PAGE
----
Make A Beeline To This Person At Church

Who in your church would you prefer not to associate with? The poor woman who always talks your ear off and asks you for money and wants to give you a hug? The mentally challenged guy who always complains? Or the awkward, nerdy woman with the strange facial ticks? You know who I mean. The person you hope you can avoid on Sunday. The person you’d prefer not to have to talk to. Consider this verse:

Live in harmony with one another. Do not be haughty, but associate with the lowly. Never be wise in your own sight (Romans 12:16 ESV).

The NASB translates it this way:

Be of the same mind toward one another; do not be haughty in mind, but associate with the lowly. Do not be wise in your own estimation.

The NASB is more accurate because the Greek word for “mind” is used twice in the verse.

So when Paul says “be of the same mind toward one another” or “do not be haughty in mind”, he means we should think of one another as equally valuable in Jesus’ sight. We should have the same mind toward everyone. In other words, I don’t look at one person and think he’s on the same plane with me and then look at another person and think he is below me, or that I’m better than him.

The word “haughty” can be translated “high-minded.” Don’t be high-minded toward others, thinking you are higher than or superior to others. We are to associate with all believers, even those who, in this world’s eyes, may be “lowly.”

Here are some various Bible translations translations of the command to “Associate with the lowly”:

  • “…be willing to associate with people of low position” (NIV)
  • “…enjoy the company of ordinary folks” (LB)
  • “…condescend to men of low estate” (KJV)
  • “Associate with those who are humble” (NKJV)
  • “…go about with humble folk” (NEB)
  • “…accept humble duties” (TEV)….. a footnote reads, “make friends with humble people”
  • “…make friends with those who seem unimportant” (NCV)
  • “Mix with humble people” (SEB)
  • “Make friends with nobodies” (Message)

William Barclay says, “The Christian Church was the only place where master and slave sat side by side. The Christian Church is still the place where all earthly distinctions are gone, for with God there is no respect of persons”.

A few months ago, an unbeliever asked me, “Would your church welcome anyone?” I said, “Yes! We want all kinds of people to come.” Then they said, “How about a homeless person? Would you welcome a homeless person?” I said “Yes! Definitely. We would welcome anyone.”

Every human being is valuable to Jesus. He created us in his own image. We shouldn’t look down on anyone. It’s so easy to look down on others and not want to associate with them. That woman isn’t in my social class. That guy smells horrible. Why does that punk wear his hair like that? That guy talks like a hick. That weird family homeschools. I can’t believe that family sends their kids to public school, or they don’t vaccinate or do vaccinate.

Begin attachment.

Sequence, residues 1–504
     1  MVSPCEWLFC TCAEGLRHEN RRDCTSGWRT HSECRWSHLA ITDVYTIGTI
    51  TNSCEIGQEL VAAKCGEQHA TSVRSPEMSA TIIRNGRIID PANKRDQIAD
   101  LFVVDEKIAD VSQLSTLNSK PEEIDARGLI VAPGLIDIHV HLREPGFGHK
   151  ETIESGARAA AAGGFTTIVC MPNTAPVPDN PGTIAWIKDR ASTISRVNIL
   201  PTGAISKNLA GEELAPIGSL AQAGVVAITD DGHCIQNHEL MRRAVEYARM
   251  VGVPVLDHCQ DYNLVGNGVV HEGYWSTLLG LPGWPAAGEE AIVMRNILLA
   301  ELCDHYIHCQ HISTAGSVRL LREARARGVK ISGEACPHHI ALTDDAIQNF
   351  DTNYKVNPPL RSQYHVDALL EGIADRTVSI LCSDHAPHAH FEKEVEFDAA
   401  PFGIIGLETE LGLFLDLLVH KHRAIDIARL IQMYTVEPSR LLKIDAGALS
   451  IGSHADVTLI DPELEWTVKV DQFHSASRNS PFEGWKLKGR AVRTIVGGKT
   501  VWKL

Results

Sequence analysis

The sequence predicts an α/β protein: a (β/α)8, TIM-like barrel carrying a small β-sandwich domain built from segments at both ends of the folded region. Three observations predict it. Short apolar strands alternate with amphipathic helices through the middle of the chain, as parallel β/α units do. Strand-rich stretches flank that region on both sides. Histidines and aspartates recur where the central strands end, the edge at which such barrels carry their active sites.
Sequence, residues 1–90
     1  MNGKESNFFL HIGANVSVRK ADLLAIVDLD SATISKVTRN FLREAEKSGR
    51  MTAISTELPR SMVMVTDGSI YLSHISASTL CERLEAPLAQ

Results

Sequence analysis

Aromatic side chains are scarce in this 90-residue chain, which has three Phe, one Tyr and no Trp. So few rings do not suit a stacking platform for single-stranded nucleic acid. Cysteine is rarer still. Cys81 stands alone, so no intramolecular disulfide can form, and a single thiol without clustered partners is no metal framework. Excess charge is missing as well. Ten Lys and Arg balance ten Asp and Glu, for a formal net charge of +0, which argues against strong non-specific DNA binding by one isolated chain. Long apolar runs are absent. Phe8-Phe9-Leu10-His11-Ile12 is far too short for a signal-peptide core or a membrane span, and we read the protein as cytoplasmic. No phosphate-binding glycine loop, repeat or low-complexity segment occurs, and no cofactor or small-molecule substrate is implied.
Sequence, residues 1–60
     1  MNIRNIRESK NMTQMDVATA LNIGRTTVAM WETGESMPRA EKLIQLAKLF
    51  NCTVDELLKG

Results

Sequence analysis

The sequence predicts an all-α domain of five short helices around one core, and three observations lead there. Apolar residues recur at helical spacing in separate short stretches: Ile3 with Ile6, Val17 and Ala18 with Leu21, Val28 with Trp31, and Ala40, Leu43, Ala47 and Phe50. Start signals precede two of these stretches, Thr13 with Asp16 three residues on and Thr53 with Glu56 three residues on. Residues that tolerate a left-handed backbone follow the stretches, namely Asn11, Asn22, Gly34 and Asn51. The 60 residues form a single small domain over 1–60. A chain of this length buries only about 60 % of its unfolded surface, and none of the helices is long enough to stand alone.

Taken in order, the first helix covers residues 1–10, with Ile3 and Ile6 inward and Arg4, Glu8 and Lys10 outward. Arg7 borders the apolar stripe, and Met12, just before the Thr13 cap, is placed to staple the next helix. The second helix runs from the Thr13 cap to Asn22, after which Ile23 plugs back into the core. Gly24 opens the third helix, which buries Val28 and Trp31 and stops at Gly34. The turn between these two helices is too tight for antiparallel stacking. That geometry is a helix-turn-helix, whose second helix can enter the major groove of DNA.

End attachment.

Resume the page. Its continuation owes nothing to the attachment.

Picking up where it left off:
People in the world constantly look down on one another. When I was in high school, I was in a rock band called The Signets. When a rival band called The Gravitations would play at a dance, we’d go and stand off to the side, arms folded, judging the heck out of them. “That was the wrong chord” I’d yell to one of my bandmates above the loud music. “Yeah, and they’re doing it too slow.” I’d criticize the way they stood or the lead singer’s haircut. And when we’d play the Gravitations would be off to the side, looking down on us.

Jesus didn’t think like that. He was God, yet he wasn’t high-minded or haughty. He emptied himself and became a human being to save us. He associated with all kinds – tax collectors and prostitutes – the despised in society. We are to imitate Jesus – to regard each other with the same mind – to see every human as a valuable to God. And especially every believer. Believers are apple of God’s eye, and his treasured possession, and God rejoices over each one of his children with loud singing (Zeph 3:17).

Here’s what to do. Next Sunday, when you see that person you’d rather avoid, make a beeline to them. Welcome them. Talk to them. Associate with the lowly. Don’t be high-minded.

Mark Altrogge

I’m a pastor at Saving Grace Church in Indiana, PA. I’m married to Kristi, have 5 kids, and a growing number of grandkids. I enjoy songwriting, oil painting and coffee, not necessarily in that order.